SIWI experts author chapter in upcoming UN World Water Development Report
Dr. Håkan Tropp, Director of the UNDP Water Governance Facility at SIWI and Mr. John Joyce, Senior Water Economist at SIWI, have contributed a chapter entitled "Water and Institutional Change: Responding to present and future uncertainty", which will be featured in the upcoming edition of The UN World Water Development Report (WWDR4): Managing Water under Uncertainty and Risk.
The flagship report, produced by the World Water Assessment Programme (WWAP) provides an authoritative overview of the status, use and management of today’s world’s freshwater resources, and highlights the main challenges of tomorrow. The fourth edition of the triennial report will be launched on March 12 at the 6th World Water Forum, which will take place in Marsielle, France.
About the World Water Development Report
The WWDR4 aims to encourage all stakeholders both in and out of the ‘water box’ – water managers, leaders in government, civil society and businesses – to engage early in decision making processes to improve the quality and acceptance of decisions and the probability of successful implementation. It will highlight that more responsible action by all water users has enormous potential to lead to better outcomes – but will require political, social, economic and technical responses at all levels of government, businesses and communities, from local to international.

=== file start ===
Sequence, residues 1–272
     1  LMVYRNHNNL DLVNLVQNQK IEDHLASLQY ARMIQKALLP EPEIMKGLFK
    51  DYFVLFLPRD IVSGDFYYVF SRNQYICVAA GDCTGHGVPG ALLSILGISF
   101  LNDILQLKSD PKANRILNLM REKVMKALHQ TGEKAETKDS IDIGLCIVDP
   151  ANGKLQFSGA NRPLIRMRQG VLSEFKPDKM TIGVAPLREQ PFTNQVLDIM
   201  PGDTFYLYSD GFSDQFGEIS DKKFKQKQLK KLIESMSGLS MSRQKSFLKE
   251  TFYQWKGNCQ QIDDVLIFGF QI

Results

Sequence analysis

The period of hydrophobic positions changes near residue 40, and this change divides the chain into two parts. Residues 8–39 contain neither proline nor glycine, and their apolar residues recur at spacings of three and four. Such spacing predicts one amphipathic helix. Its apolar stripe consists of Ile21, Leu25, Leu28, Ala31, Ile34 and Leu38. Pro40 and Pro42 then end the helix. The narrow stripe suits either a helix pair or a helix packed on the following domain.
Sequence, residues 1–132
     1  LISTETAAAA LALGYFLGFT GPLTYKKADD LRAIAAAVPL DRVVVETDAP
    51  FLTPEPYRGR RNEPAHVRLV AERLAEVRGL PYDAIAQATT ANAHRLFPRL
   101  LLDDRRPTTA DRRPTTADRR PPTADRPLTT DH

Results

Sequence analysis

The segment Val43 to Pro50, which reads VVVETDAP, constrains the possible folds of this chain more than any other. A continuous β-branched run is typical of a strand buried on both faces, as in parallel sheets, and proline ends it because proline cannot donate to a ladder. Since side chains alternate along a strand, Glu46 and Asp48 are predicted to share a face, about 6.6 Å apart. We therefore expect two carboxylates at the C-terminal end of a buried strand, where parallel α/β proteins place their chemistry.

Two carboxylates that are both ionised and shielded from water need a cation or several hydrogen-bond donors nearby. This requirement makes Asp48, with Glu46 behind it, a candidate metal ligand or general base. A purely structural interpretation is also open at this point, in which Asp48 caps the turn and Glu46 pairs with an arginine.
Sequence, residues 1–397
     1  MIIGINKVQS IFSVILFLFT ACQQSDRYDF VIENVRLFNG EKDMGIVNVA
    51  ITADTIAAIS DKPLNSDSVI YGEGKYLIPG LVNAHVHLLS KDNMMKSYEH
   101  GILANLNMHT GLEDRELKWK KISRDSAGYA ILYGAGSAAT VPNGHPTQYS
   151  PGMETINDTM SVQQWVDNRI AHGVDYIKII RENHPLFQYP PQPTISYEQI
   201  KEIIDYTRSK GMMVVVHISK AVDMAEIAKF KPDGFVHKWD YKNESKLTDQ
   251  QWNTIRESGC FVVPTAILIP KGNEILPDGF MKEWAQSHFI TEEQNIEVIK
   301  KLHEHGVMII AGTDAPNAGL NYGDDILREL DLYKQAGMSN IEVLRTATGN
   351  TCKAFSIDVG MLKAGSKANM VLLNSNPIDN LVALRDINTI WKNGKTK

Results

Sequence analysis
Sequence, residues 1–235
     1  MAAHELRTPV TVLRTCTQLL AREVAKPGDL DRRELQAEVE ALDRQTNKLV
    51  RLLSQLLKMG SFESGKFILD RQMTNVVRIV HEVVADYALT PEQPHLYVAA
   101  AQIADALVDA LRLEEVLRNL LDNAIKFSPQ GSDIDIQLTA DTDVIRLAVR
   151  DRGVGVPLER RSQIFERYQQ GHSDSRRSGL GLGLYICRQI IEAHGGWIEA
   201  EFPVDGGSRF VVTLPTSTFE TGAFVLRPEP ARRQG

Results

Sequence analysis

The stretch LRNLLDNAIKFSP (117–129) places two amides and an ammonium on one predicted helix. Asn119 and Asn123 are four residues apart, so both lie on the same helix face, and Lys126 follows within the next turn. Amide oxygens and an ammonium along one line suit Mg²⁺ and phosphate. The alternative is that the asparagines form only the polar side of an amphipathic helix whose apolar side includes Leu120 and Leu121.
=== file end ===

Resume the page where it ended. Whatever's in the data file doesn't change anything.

In the World Water Development Report series, the WWDR4 represents a milestone. While providing a comprehensive assessment of the world’s water resources it also introduces a strong thematic element. Building on the WWDR3 in the recognition of the externalities, the WWDR4 elaborates on the interactions between water and the drivers of change. The WWDR4 will describe the major changes, uncertainties, and risks taking place in the world and their links to water resources. It will give account of the status and the trends related to water supplies, uses, management, institutions and financing; highlight regional hotspots, and address issues such as gender equality, water-related disasters, health and the role of ecosystems.